French victory lacks any conviction

Hugo Bonneval of France scores his team's third try. Picture: Getty
Hugo Bonneval of France scores his team's third try. Picture: Getty
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New head coach Guy Noves was spared an early embarrassment as France came from eight points behind to beat Italy 23-21 in the opening match of the Six Nations.

France had won all eight previous Six Nations matches between the teams at the Stade de France, but for long periods a ninth was in doubt, despite a try-scoring debut from Fiji-born wing Virimi Vakatawa.

Jules Plisson’s long-range penalty ultimately broke Italian hearts and denied Jacques Brunel’s side a famous victory, with Italy captain Sergio Parisse missing a last-gasp drop-goal attempt.

France’s tries came from Vakatawa, Damien Chouly and Hugo Bonneval, with Italy’s responses from Parisse, winning his 115th cap, and Carlo Canna.

France rode their luck in the first half and might have gone to the dressing room behind, rather than 10-8 ahead. Italy centre Michele Campagnaro was tackled barely a yard from the line in the 40th minute following a scything run.

A warning shot from Italy came in the eighth minute when Canna slotted a 30-metre drop goal, but the stand-off later missed a pair of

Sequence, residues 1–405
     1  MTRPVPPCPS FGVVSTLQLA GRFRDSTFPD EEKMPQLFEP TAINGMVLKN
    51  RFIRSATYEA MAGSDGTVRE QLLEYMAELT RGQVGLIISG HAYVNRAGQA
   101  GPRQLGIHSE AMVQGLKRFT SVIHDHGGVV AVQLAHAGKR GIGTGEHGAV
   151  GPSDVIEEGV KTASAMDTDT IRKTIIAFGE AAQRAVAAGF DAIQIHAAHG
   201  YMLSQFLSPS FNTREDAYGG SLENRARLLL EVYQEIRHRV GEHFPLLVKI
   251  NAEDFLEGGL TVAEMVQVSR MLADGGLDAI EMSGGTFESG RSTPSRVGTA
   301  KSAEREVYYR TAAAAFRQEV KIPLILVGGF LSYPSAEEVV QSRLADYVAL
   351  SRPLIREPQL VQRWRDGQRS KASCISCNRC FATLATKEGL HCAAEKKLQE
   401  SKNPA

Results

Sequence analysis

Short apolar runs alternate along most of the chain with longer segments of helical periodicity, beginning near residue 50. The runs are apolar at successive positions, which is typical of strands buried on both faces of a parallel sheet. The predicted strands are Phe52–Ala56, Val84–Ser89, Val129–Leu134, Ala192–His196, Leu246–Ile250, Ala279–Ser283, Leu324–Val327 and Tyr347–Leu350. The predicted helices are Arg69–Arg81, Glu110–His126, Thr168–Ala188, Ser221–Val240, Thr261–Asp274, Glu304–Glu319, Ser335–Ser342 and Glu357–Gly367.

seemingly routine kicks.

On his debut for France, Toulouse scrum-half Sebastien Bezy squandered three first-half shots at goal. He was later relieved, and Plisson took the glory.

France’s wild-card winger Vakatawa made his first big impact in the 15th minute.

Promoted from the Sevens ranks by an impressed Noves, without a Top 14 club and lacking 15-a-side experience, Vakatawa looked right at home.

He darted over in the left corner for an eye-catching try after a spell of French pressure. Fed by Maxime Medard, he side-stepped Leonardo Sato to dot down.

Parisse hit back when he led a driving maul over the French line and grounded the ball, but Canna fluffed the conversion.

France regained the lead with Gael Fickou orchestrating a tap-penalty move that saw Chouly surging over in the right corner.

There was no letting up from Italy after the break, Canna finally bisecting the posts after an infringement by Eddy Ben Arous to put the buoyant visitors in front, and they led 18-10 after a converted try two 
minutes later.

Parisse was inches away, but could not get the ball down. Italy kept possession and Canna steamed in before converting his own score.

A French lifeline arrived when Bonneval buried in at the left corner. Plisson converted. Plisson booted a 69th-minute penalty to inch France ahead at 20-18, but Kelly Haimona responded five minutes later after Uini Atonio was penalised.

It was then Parisse’s turn to be penalised, and from 50 metres Plisson nailed the match-winning kick.